I do agree that it’s easy to fall into a trap on this one, and repeat literally imperialist/colonialist myths/stories, but I’m a bit skeptical that the structure itself is that. I’d suggest it predates that, and merely was an existing story structure utilized by imperialist/colonialist forces after the fact.
The most inherently imperialist/colonialist stuff in RPGs seems to me to more to do with raiding and generally vaguely genocidal behaviour a lot of them feature, together with crushing sapient beings who would are often labelled as “primitive” or “inferior” or whatever, and taking their stuff (plus all the raiding tombs and temples). The whole “gold and experience” thing. Indeed the fact that adventurers are typically not really members of some unified society is what tends to operate as the mental “firewall” that stops people immediately identifying them as raiders and conquerors for a culture/society/nation. I can think of a TT RPG or two where this wasn’t the case, and the adventurers in those cases immediately seemed vile.
For example, in Traveller: The New Era, from the 1990s, we have people described, at one point, I shit you not as “space vikings” (I can’t remember their actual name), who basically go around the universe raiding places, killing “baddies” and spreading “civilization”, and singing songs from the US Marine Corp (!!), and the immediate reaction I had, as a 12-year-old kid in 1990 was “Oh fuck these guys, they sound like right cunts!”. But the game thinks they’re awesome, because it was written by some then 40 or 50-something dude (who’d be 70 or 80 now!) with very different values. But had they just been doing that as individual groups, without this unified structure and ideology behind them? Would I have reacted that way? I dunno. Probably yeah if they were still singing USMC songs but I think it would have been a lot easier to disguise if they were just characterised as individual groups doing it.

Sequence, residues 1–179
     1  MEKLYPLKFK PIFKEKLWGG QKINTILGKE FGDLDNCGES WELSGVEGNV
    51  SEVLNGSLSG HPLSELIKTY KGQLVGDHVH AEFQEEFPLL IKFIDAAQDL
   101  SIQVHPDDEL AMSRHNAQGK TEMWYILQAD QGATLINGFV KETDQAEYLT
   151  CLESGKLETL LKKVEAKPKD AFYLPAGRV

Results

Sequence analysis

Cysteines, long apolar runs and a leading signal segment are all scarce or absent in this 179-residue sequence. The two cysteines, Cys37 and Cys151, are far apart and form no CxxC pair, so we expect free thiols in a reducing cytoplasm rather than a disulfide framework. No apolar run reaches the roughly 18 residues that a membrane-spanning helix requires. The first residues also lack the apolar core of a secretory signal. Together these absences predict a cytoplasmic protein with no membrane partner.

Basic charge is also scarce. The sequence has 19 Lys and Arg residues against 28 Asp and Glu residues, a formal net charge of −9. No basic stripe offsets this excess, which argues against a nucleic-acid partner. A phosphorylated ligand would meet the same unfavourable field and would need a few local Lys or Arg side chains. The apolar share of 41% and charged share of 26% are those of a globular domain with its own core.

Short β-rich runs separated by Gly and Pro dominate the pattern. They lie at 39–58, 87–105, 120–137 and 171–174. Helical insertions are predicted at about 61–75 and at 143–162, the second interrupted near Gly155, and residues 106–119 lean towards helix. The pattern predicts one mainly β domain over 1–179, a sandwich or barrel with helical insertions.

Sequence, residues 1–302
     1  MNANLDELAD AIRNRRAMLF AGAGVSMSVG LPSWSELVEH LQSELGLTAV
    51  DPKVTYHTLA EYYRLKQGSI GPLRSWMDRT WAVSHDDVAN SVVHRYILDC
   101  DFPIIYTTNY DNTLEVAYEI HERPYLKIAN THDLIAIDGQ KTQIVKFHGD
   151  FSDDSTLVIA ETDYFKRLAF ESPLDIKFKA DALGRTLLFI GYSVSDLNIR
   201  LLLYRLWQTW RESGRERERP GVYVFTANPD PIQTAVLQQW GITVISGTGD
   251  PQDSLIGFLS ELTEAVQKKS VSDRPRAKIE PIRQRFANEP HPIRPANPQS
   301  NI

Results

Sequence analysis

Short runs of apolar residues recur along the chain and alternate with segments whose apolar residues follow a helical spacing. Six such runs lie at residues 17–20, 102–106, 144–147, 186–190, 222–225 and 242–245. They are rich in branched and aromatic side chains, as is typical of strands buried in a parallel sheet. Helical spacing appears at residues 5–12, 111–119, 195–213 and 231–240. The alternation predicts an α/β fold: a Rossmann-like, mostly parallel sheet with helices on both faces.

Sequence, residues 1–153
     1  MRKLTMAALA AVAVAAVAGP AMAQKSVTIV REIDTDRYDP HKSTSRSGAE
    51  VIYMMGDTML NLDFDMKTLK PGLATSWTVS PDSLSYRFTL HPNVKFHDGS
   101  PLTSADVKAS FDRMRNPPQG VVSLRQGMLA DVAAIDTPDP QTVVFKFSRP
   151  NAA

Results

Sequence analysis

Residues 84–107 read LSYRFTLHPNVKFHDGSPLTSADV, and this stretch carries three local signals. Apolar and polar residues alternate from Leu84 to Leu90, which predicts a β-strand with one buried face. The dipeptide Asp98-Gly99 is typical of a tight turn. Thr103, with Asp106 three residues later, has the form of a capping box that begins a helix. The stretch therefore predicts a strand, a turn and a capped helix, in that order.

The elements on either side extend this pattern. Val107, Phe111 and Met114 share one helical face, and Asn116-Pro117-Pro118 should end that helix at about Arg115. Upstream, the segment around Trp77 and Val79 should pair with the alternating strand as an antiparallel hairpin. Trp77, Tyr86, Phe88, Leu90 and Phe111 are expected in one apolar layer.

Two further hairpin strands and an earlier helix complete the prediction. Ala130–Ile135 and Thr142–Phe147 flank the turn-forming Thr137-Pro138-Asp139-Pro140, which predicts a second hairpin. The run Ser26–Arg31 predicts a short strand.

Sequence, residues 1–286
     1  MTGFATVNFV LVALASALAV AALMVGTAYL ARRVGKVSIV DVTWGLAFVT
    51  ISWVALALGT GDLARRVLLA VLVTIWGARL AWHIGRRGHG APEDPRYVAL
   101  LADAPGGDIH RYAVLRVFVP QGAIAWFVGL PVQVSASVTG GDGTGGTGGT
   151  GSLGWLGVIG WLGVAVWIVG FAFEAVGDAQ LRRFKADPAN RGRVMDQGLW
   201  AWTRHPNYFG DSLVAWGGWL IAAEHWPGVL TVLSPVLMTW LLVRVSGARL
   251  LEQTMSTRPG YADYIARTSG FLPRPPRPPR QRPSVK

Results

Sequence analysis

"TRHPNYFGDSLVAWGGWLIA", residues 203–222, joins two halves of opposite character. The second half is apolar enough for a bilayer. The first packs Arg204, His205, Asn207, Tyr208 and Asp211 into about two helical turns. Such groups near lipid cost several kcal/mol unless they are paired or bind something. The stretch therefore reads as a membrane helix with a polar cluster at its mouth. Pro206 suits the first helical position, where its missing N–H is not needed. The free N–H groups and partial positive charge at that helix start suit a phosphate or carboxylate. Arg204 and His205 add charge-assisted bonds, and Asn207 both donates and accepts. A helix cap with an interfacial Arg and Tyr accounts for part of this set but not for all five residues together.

I’d agree with this, though I would question, a few hours into the game, if this particular game has ever suggested that we should “respect cultures” or whatever, I mean has it? Is it clashing? Or is it clashing with a preconceived notion you had about it?
I see the game about someone who was outcast, for seemingly shitty reasons, has always been independent and asked questions (and that sort of thing does seem to tend to be genetic, weirdly, unless people have it really pounded into them or out of them culturally), and who hasn’t really demonstrated any personal attachment to respecting cultures (not that given her age and background could we really expect that). Her adoptive father pays lip-service to tradition and generally obeys it himself, but frankly, he’s not exactly stern about it, he’s a bit of a pushover all-round, that’s just how he is. If he wasn’t, he’d have taken the earpiece from Aloy at the very beginning (as I expected him to) and this would be a very different story.
Also re: “white Jesus”, I think they just wanted a redhead and weren’t original enough to think of a look more like say Erin Kellyman. Though it would seem like Kellyman would be a shoe-in to play Aloy in a movie/show, as soon as Falcon and Winter Soldier came out I immediately saw people starting to suggest it (edit: in fact I see as soon as The Rise of Skywalker came out people noticed this).